A FEW YEARS AGO, THE OWNERS OF SMOQUE were exploring the idea of a downtown location. They looked at one particular space, then occupied by a greeting card store, in a building owned by the Chicago Public Schools. They were ready to make a deal. And then… “The listing agent said, there’s nobody to talk to,” says co-owner Barry Sorkin. “We were ready to make an offer and she said, ‘I don’t have anybody I can submit this to, with the authority to do anything about it.'”

A few years later developer Craig Golden bought the building from CPS, and now the main floor is the wildly popular Revival Food Hall, home to an assortment of artisanal food vendors including Smoque. Who are located in the southeast corner of the building—more or less exactly where the greeting card store used to be.

Smoque at Revival Food Hall

Bringing hardwood-smoked barbecue to the Loop still wasn’t easy, however (even though by this point, they were no longer the first—Blackwood BBQ was already doing it). The main problem was that Smoque didn’t want to do was do it commissary-style—cook in a warehouse somewhere and truck it to the serving location.

“We’ve talked to a lot of different kinds of venues over the years—Navy Pier, the airports—and there were a lot of reasons why those didn’t make sense to us. But one of the major reasons was, they were all going to make us commissary,” says Sorkin. “And we all know that when you commissary barbecue, it’s not as good. It’s okay—barbecue travels better than some things, but it’s certainly diminished. And one of the things that appealed to us about these guys when they approached us, was that they were as interested in having us serve a great product as we were.”

“When we talked to Barry and the guys about doing this, we were just thrilled that they were even remotely interested, and we said, We’ll do anything you want, hell yeah,” says Bruce Finkelman, who’s partners with Golden in 16″ on Center, the company behind the food hall, which also has Longman & Eagle, Dusek’s and other bars and restaurants.

Barry Sorkin of Smoque

“This is what the whole concept was about,” Finkelman explains. “Here’s this group of people who live and work in the Loop, and these are our customers [at our other restaurants] at night and on the weekend, but down here, they have no avenue for finding great food. Most of the great food is in the neighborhoods, and bringing the neighborhood here—and treating the Loop like a neighborhood—no one had done that.”

“What we wanted to do was bring our best, our favorites, to the Loop from the outlying neighborhoods. We thought every place in Revival Hall should be some place that we were telling our friends about,” Finkelman says. “And that’s exactly what Smoque is.”

Graziano OMG

 

 

Riding to the 20th floor with Mike McDermott of Smoque and Bruce Finkelman of 16″ On Center

SORKIN WANTED TO INSTALL THE SAME smoker as they have (three of, by now) at the Pulaski location—a Southern Pride with a rotating oven similar to a pizza oven, gas for heat but a smoke box with live wood fire for flavor. There were two obvious reasons to stick with the Southern Pride—they knew how to crank out the meat on it, and “the city is okay with this,” Sorkin says. “They’re not so okay with a lot of the other devices that are available.”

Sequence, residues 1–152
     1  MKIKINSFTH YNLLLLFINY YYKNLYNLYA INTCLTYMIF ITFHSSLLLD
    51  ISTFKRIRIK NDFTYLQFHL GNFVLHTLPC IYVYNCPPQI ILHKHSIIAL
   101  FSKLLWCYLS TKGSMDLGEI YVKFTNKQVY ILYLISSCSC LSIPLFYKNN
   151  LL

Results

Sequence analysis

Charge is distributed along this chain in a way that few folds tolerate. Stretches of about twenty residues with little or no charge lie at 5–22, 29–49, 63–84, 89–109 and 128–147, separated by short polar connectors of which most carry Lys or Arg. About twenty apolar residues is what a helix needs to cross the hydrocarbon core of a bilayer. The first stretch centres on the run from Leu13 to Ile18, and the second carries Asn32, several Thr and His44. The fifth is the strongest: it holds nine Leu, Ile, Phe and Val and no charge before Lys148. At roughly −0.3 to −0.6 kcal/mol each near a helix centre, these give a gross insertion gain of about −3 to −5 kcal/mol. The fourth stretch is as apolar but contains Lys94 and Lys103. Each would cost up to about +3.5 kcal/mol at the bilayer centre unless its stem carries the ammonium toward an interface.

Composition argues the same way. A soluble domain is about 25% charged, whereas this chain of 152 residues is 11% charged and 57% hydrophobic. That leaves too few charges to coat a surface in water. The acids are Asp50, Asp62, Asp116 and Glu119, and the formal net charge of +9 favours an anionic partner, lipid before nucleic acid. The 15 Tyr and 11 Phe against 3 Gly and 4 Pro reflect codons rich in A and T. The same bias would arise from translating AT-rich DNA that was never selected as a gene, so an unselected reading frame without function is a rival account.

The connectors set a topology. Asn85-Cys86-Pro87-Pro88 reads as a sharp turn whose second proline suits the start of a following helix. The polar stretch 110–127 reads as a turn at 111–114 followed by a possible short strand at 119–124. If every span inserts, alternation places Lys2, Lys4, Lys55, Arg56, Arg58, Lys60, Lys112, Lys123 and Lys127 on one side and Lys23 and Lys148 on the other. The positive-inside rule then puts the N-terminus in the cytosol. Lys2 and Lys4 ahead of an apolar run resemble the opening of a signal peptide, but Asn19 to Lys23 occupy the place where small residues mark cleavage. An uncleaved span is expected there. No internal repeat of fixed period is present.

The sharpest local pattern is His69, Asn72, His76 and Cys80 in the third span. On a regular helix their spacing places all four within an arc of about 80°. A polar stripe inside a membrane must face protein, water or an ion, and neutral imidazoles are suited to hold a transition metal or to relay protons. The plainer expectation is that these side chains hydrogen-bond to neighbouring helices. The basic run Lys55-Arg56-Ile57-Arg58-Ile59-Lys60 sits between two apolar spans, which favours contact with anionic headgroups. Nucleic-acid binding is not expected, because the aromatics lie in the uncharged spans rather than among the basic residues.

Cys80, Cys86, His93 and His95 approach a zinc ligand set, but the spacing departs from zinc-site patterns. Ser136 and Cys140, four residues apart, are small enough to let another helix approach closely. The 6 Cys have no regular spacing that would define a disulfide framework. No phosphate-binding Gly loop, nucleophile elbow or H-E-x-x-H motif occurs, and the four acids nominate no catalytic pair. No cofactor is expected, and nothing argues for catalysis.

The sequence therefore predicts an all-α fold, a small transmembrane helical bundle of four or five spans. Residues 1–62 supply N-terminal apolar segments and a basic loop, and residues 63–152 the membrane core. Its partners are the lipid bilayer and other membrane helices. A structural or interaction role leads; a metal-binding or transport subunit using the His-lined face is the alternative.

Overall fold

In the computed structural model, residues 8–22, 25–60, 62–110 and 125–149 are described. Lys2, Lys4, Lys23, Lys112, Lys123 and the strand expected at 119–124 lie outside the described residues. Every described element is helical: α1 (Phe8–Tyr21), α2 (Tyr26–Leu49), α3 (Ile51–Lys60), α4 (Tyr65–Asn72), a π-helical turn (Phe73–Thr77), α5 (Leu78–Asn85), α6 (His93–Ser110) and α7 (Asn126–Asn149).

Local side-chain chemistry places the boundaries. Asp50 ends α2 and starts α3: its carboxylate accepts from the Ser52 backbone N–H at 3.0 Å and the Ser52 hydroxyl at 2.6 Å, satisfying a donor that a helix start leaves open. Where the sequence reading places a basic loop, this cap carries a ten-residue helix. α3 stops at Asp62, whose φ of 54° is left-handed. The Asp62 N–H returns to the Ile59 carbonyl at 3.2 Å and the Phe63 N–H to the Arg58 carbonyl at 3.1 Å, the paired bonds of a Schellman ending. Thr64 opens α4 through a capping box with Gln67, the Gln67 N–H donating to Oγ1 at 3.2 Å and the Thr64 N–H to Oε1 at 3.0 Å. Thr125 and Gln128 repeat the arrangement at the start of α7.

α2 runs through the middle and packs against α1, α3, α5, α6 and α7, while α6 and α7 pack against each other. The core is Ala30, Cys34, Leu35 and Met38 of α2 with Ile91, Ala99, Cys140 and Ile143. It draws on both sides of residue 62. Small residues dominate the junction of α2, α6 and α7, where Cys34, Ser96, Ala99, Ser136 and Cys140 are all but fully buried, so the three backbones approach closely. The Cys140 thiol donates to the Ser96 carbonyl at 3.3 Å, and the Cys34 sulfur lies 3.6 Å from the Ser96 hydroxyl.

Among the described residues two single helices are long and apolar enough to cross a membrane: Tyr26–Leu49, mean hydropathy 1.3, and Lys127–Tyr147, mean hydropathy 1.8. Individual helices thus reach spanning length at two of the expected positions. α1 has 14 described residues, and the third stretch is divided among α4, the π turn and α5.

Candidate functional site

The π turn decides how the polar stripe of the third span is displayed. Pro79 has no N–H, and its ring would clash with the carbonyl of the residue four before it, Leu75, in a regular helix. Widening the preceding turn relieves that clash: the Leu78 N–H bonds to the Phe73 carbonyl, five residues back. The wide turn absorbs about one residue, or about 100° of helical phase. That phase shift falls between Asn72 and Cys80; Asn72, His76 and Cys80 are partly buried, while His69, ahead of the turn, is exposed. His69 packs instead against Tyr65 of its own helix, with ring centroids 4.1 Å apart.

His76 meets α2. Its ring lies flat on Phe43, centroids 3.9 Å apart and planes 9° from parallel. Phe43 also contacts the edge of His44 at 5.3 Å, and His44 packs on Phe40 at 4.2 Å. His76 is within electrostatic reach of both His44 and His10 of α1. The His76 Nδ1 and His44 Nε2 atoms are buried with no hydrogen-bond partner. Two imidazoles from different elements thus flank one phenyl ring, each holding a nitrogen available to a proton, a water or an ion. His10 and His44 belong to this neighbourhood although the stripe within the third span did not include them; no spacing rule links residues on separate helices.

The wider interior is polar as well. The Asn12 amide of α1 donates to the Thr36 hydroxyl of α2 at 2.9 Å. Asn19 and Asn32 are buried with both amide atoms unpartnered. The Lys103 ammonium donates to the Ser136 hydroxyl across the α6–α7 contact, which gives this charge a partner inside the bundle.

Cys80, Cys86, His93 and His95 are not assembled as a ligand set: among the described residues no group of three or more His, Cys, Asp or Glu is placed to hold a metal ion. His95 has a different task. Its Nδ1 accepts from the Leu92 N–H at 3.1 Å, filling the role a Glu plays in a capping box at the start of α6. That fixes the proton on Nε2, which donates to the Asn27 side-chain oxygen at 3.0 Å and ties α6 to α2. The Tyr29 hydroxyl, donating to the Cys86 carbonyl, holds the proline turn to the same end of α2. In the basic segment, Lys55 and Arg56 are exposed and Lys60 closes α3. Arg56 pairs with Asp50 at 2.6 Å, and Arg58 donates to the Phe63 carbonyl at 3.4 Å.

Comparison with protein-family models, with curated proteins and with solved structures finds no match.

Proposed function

“It’s very difficult for the city when there aren’t previous things to look at,” Finkelman says. “I think we got to the point where there just wasn’t any reason not to let us do what we wanted to do—we’d followed all the codes, we’d done everything we had to do from a health perspective, from a safety perspective. So I think at that point, it was just, okay, you guys can do it.”

So they got the go-ahead to install a smoker in a prep space on the top floor, which they share with some bakery equipment used by Mindy Segal. “The funny thing is, the other half of the floor is the fitness center,” says Smoque co-owner Mike McDermott, who focused on the Revival Hall location for the last year or so. “So you’re going to work out, and smell baked goods and barbecue.”

As outlandish as the idea of putting a smoker on the 20th floor and pumping hardwood smoke into the Loop air twenty stories up may sound, it was acceptable in a way smoking on the main floor would not have been. Sorkin says, “The city does not like you to share any black iron ductwork—” that is, the vents over a standard stove or oven—”with a solid fuel piece of equipment, and a fryer.”

Instead, the smoke gets a short path out of the top of the building, while the smoked meat takes a 20-floor ride on a service elevator several times a day to keep the stand stocked and ready to serve. (You’ll never ride with a cart full of barbecue if you live in the building, though they are allowed use of a backup—a freight elevator—in case their main one has to be repaired.)

 

Sorkin says the capacity of the single smoker “is about right. We’re pretty much packing it full every day, and we run through pretty much everything we cook every day. Which in some respects is perfect—when we first opened in our other location, we had one smoker, and we were selling out every day, and we thought, man, we want more capacity. And then we built more capacity—and suddenly we had to forecast and be right, or you really overcook.”